Starting his career with meagre earnings, PK Das established his practice in 1980, nurturing it as a forerunner in the world of architectural and social design. An alumnus of Sir JJ College of Architecture, Das had an “abundance of ambitions” that he wanted to address. “On one hand, it was an aspiration that was hammered into me through formal education and examples of successful architectural works. On the other hand, it was the complex situation in Mumbai where the poor and the working class lived miserably.”
Since earnings were limited, which did not dampen his enthusiasm, he took on all kinds of projects such as kitchen interiors, a multi-purpose unit, a tailoring shop, and residential interiors of diamond traders. “Fortunately, the nature of jobs and clients evolved. I was able to move on from diamond merchants as my clients, to corporates,” mentions Das.
Over time, establishing a close relationship between architecture and people, placing a strong emphasis on participatory planning from the very beginning and at every stage, became the keynotes of the firm’s approach.
Das believes that the democratisation of urban planning and design would be a significant step towards the achievement of just and equal cities, and he strives to bring about much-needed socio-environmental change. The activist architect reiterates the need to develop Indian cities in their entirety, and not by following fragmented goals of exclusivity and competitive construction turnovers and delivery time.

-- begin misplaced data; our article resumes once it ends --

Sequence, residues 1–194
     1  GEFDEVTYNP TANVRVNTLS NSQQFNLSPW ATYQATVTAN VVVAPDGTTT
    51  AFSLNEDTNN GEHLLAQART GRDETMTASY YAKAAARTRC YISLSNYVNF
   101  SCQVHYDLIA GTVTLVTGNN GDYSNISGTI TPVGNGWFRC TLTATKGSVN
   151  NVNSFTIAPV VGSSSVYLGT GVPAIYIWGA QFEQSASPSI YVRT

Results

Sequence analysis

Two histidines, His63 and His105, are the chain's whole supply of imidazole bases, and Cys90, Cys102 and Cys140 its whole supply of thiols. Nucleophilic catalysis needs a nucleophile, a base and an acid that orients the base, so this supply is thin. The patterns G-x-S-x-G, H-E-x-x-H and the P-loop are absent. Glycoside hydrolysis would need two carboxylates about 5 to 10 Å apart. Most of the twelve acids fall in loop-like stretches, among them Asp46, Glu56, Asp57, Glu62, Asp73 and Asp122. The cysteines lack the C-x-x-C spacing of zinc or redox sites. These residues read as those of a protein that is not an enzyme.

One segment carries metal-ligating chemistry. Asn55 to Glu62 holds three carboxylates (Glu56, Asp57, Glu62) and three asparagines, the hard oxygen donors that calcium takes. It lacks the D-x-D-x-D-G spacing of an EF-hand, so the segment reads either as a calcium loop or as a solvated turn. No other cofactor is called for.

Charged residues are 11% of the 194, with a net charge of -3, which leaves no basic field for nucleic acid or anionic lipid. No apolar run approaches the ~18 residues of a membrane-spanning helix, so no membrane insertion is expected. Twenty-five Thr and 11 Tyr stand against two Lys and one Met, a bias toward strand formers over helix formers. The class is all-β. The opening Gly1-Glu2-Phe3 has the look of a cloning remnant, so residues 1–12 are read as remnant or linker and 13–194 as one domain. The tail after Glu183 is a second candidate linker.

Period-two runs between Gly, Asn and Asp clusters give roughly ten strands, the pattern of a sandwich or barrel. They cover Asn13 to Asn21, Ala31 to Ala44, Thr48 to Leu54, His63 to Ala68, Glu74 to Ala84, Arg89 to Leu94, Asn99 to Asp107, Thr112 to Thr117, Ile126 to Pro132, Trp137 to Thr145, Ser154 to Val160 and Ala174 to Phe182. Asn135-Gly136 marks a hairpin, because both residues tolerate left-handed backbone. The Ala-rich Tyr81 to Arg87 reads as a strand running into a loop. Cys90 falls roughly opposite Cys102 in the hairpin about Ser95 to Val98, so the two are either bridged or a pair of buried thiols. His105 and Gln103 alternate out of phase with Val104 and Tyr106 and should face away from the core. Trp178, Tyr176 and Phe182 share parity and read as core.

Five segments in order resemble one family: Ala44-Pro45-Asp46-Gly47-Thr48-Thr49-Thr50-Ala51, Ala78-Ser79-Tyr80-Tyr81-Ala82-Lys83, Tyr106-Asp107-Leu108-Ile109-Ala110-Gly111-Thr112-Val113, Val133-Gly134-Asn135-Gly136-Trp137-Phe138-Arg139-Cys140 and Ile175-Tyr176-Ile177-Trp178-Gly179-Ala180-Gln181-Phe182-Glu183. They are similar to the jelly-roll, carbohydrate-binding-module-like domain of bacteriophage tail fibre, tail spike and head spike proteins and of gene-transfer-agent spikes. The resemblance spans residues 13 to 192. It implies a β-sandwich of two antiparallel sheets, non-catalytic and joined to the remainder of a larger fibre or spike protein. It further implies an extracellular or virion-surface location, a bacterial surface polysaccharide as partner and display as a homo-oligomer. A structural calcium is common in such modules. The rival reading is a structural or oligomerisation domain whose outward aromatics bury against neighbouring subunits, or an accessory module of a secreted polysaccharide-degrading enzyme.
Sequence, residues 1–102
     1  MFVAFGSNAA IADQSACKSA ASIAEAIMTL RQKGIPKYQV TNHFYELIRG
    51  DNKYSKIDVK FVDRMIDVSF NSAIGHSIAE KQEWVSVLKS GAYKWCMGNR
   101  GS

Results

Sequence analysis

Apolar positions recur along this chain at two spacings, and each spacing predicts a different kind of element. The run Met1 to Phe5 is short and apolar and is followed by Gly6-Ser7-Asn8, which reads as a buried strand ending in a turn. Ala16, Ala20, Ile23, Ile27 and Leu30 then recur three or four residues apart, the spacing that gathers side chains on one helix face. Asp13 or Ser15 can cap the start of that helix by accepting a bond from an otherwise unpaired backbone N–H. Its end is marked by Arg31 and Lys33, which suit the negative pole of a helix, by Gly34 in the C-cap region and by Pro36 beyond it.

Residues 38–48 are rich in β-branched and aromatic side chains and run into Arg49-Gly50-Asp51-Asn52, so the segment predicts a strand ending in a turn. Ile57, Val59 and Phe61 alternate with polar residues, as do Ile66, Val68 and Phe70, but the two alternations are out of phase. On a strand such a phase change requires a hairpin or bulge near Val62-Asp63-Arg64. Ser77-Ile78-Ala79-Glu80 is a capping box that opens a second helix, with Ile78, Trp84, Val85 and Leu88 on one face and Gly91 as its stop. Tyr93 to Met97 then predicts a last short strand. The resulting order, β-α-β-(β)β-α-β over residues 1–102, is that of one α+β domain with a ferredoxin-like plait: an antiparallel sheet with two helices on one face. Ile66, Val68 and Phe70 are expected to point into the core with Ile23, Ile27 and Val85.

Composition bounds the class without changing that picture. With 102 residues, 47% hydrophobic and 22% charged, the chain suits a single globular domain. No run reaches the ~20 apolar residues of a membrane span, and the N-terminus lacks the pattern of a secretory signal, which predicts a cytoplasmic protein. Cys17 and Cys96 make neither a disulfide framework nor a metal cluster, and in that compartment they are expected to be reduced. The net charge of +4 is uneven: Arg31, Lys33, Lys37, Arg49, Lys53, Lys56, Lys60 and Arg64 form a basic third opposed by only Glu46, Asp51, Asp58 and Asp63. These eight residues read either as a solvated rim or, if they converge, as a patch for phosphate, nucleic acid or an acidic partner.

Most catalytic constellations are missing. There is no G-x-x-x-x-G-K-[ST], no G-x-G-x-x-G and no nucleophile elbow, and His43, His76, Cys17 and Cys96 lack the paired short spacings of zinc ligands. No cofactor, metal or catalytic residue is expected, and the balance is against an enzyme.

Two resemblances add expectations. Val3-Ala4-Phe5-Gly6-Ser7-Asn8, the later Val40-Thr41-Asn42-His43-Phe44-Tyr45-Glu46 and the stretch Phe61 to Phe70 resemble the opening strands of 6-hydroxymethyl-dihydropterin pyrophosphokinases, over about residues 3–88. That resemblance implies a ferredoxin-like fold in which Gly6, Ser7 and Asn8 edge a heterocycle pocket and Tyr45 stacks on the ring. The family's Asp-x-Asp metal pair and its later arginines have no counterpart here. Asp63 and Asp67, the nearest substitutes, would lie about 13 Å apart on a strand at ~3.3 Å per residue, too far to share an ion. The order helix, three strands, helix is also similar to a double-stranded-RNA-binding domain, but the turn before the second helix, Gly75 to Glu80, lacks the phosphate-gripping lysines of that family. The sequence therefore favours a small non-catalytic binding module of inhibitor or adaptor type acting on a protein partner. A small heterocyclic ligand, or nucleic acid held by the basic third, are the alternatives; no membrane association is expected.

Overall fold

“A process, whereby a design evolves as a result of people’s participation, is extremely important. Architects ought to be activists if they understand the relevance of architecture to social, cultural and environmental ethos,” advocates Das.

Looking Back

Driven by varied aspirations, PK Das & Associates has grown in an exponential manner, rather than linearly. Of note are their efforts and achievements in reclaiming the seafronts of Mumbai, the rehabilitation and redevelopment of slums, and the expanding of public spaces.

Looking forward

The Open Mumbai Exhibition, curated by Das, presented mapping of open spaces and the natural areas of the city that account for approximately 50% of Mumbai city. “My idea is to integrate vital assets [of the exhibition] into the development plan of the city. In short, democratise public spaces and the city,” explains the architect.

 

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